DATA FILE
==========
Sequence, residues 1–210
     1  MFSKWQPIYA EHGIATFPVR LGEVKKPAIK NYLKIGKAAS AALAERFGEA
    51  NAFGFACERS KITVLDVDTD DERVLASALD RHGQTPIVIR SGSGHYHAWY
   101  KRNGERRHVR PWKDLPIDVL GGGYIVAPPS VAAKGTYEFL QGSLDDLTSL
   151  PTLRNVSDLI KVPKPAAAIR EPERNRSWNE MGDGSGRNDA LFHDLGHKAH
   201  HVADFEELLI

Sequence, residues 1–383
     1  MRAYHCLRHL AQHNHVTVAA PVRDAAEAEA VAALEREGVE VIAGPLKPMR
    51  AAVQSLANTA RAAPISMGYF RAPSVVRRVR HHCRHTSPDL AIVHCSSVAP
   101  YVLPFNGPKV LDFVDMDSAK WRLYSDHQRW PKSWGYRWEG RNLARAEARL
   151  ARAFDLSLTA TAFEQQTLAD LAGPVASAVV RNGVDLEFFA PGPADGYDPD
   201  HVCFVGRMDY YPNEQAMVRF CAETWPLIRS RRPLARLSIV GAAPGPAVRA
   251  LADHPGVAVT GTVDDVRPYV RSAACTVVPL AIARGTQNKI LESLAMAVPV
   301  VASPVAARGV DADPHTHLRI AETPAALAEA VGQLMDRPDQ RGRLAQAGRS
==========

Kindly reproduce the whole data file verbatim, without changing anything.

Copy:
Sequence, residues 1–210
     1  MFSKWQPIYA EHGIATFPVR LGEVKKPAIK NYLKIGKAAS AALAERFGEA
    51  NAFGFACERS KITVLDVDTD DERVLASALD RHGQTPIVIR SGSGHYHAWY
   101  KRNGERRHVR PWKDLPIDVL GGGYIVAPPS VAAKGTYEFL QGSLDDLTSL
   151  PTLRNVSDLI KVPKPAAAIR EPERNRSWNE MGDGSGRNDA LFHDLGHKAH
   201  HVADFEELLI

Sequence, residues 1–383
     1  MRAYHCLRHL AQHNHVTVAA PVRDAAEAEA VAALEREGVE VIAGPLKPMR
    51  AAVQSLANTA RAAPISMGYF RAPSVVRRVR HHCRHTSPDL AIVHCSSVAP
   101  YVLPFNGPKV LDFVDMDSAK WRLYSDHQRW PKSWGYRWEG RNLARAEARL
   151  ARAFDLSLTA TAFEQQTLAD LAGPVASAVV RNGVDLEFFA PGPADGYDPD
   201  HVCFVGRMDY YPNEQAMVRF CAETWPLIRS RRPLARLSIV GAAPGPAVRA
   251  LADHPGVAVT GTVDDVRPYV RSAACTVVPL AIARGTQNKI LESLAMAVPV
   301  VASPVAARGV DADPHTHLRI AETPAALAEA VGQLMDRPDQ RGRLAQAGRS